The Grand Council of the Crees

Grand Chief Dr. Ted Moses' presentation for the visit of Minister Mulcair and Minister Corbeil to the community of Ouje Bougoumou

Grand Chief Dr. Ted Moses' presentation for the visit of Minister Mulcair and Minister Corbeil to the community of Ouje Bougoumou

Posted: 2005-05-17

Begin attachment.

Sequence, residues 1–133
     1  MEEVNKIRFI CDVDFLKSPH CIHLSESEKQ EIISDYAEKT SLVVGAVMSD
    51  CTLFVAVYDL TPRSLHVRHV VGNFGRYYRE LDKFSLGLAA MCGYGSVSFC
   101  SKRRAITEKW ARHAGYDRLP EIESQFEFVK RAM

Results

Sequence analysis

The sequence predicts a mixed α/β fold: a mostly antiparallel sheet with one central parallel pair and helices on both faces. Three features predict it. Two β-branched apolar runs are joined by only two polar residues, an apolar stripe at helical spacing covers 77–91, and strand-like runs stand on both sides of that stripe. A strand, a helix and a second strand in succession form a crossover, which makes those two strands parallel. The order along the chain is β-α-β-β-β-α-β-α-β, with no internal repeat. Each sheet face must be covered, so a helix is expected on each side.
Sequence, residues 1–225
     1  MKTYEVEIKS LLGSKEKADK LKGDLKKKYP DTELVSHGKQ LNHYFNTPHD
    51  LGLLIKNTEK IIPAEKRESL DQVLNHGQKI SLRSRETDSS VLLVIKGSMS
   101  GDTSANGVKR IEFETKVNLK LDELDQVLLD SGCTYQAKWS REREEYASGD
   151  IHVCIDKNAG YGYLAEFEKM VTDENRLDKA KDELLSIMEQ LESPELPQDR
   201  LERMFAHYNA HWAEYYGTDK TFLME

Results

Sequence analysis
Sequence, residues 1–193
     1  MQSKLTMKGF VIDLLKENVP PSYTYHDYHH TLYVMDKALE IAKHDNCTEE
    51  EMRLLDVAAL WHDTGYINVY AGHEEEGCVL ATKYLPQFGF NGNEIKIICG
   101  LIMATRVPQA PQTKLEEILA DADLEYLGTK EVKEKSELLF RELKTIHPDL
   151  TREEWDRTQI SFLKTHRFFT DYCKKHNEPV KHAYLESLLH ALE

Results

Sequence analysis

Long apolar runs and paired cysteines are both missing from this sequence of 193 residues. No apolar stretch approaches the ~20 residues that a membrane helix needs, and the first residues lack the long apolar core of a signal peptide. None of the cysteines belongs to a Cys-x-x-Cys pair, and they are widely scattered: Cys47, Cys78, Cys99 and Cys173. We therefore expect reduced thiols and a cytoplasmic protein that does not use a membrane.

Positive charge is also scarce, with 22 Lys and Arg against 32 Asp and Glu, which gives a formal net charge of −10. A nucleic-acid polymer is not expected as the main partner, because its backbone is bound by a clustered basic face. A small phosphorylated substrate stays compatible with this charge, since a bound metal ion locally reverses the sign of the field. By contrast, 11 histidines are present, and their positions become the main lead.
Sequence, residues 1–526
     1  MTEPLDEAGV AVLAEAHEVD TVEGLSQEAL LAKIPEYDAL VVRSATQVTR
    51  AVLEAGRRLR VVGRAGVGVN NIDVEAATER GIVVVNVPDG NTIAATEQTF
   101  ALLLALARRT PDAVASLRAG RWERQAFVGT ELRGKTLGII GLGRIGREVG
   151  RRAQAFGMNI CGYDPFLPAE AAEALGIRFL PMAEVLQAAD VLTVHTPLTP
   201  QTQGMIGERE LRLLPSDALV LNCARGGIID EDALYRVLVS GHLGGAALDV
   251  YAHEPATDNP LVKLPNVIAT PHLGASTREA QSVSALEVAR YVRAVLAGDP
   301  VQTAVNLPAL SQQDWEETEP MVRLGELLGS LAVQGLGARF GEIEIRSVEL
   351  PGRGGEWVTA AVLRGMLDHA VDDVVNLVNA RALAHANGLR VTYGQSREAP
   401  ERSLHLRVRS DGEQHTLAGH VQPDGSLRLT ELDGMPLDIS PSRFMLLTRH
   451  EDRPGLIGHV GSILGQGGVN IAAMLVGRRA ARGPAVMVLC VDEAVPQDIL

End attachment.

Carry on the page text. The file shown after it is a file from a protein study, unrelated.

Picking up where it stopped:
I thank you Minister Mulcair and Minister Corbeil for coming to the community of Ouj? Bougoumou to make this important announcement of your government?s new policy on Sustainable Development. I also acknowledge and thank Chief Sam Bosum for the hospitality he and the community members have extended to all of us. The Crees of Eeyou Istchee know all about what it means to be ?sustainable?. For thousands of years our people have maintained a way of life on Eeyou Istchee that depended upon a continued and long lasting relationship with all aspects of the environment. Of course we used ways of managing and exploiting resources that relied upon an almost unchanging technology. When European-derived technologies arrived we used them to continue this way of life. We are now, years after the fur trade era, now working with Quebec to define how development will be done in the future. Development of course means ?unfolding? and implies the bringing out of previously hidden potentials. We have always seen our way of life on Eeyou Istchee as one of realizing the potentials of this land that we inherit from our ancestors. Development brings about change and poses the challenge of how we are to use these new found potentials. Our way of life has always served to provide for our people, so for us it is self evident that development should not only bring out new commodities, electricity, wood products and minerals, but that these should serve to improve our way of life and the way of life of Quebeckers. This was the reason that we signed the James Bay Agreement in 1975 and it is why we established a regime for the review of proposed projects that calls for assessment of project impacts on Cree society. We signed the New Relationship with Qu?bec, The Paix des Braves, to ensure that development served the needs of the Cree Nation. The spirit of the Agreement is in fact that the Qu?bec Nation and the Cree Nation should both benefit in an equitable manner from this development and cooperate in its realization. However, this is only one part of the story on sustainable development. The other part is equity. Until recently, especially here on Eeyou Istchee, it was not evident that development was for the benefit of the average person. In Qu?bec, as elsewhere in Canada, it took the force of people coming together in labour unions and also in political parties to force change to bring the benefits of development to the people. Out here at the end of the rail line and at the end of the roads such ideas have only recently come to us. In the 1970?s we had to come together as the Grand Council of the Crees ? Cree Nation Government, to make our views known and respected. We now see that the Government of Qu?bec is committed to sustainable development. This is reflected also in the Paix des Braves. It is manifest in the new forestry regime that requires that the Cree trappers be part of the decisions on how the forest is cut. It is also evident in the new cutting regime that sets aside lands and slows the rate of harvesting for environmental, social and cultural protection reasons. This is not only reflected in the New Relationship Agreement with the Crees, but also in other promising initiatives. By way of example we can look to the provincial targets on protected areas. Protected areas, or the setting aside of areas exempt from industrial development, implements the Principle of Conservation. The province has set of goal 8% of the land to be placed under protection and the Cree Nation has been working very hard to see that this target is met or exceeded in Eeyou Istchee. This percentage is in keeping with commitments made in many other places in Canada. Since the Paix des Brave Agreement was signed there have been six such areas established in the Waskaganish region. Additionally, Mistissini, Ouje-Bougoumou and Waswanipi have all tabled proposals for protected areas or parks with in their traditional lands. We have now begun the process of setting up what I will call the ?Assinica Cree Heritage Park? with the Community of Ouj? Bougoumou and the ?Albanel ? T?miscamie ? Otish Park? with the community of Mistissini. These are two concept parks that will integrate natural and cultural aspects in a way that will give Qu?bec a world first. In addition to this, six protected reserve areas are now being set up in the James Bay Lowlands near Waskaganish in cooperation with that community. Another positive indication that Qu?bec is further embracing a true definition of sustainable development is in the new Sustainable Development Policy initiative. As part of this policy, the Government may appoint a person who would be the equivalent of an Auditor General of the Environment. This is positive step forward and I think there is need for a parallel capacity to this to be developed for the Territory. We need to know if development, policies and programs are improving or degrading the environment and the impacted societies. We also need to know whether the remedial and compensatory measures applied to the impacts of such projects have worked or whether they have in themselves had further detrimental effects. Why do we need to know these things? It is so we can learn from past experience. We need to innovate to find solutions that work. Part of this innovation requires revitalizing the mechanisms that ensure our development continues to be sustainable. The 1975 regime that we set up for environmental and social protection was an innovation for its time. It preceded the environmental laws of Qu?bec and Canada and protects the environment and society in a more comprehensive fashion than some of the more recent legislation such as the Federal Canadian Environmental Assessment Act or CEAA. However, the process needs to be improved and up-dated. The ambiguity created by the Canadian Environmental Assessment Act must be resolved by removing that Act from the Territory. The James Bay Process needs to be more public and it needs to have accountability provisions that work. The James Bay Advisory Committee on the Environment clearly does not function as it was supposed to in the Treaty. What I propose to the Government of Quebec is that a bilateral Cree-Qu?bec process be established to review and up-date the Section 22 regime to bring it more into line with the demands and standards of a modern-day review process. What does this mean? The process needs to have an effective means of monitoring itself. Review documents must be made more available to the public so that all interested parties are more aware of what is going on in each review. The project list needs revision and should bring in elements of strategic environmental review. Where possible, plans upstream from development and proposed programs would be subject to review before they are implemented. This is essentially what already has begun in the new forestry process and we should apply it more widely. Environmental review needs to bring together traditional and scientific information and it must build upon the pre-existing knowledge base. This is why we need to build our own local research and learning institutions to back up our vision of where we want development to take us in the future. This is essentially how we would like to begin to fit into the plans that the Ministers are proposing today. We want to engage with these ideas in a way that supports our local vision of the future of Eeyou Istchee ? the James Bay Territory. Thank you once again for taking time to speak to us today. Meegwetch! Merci Beaucoup!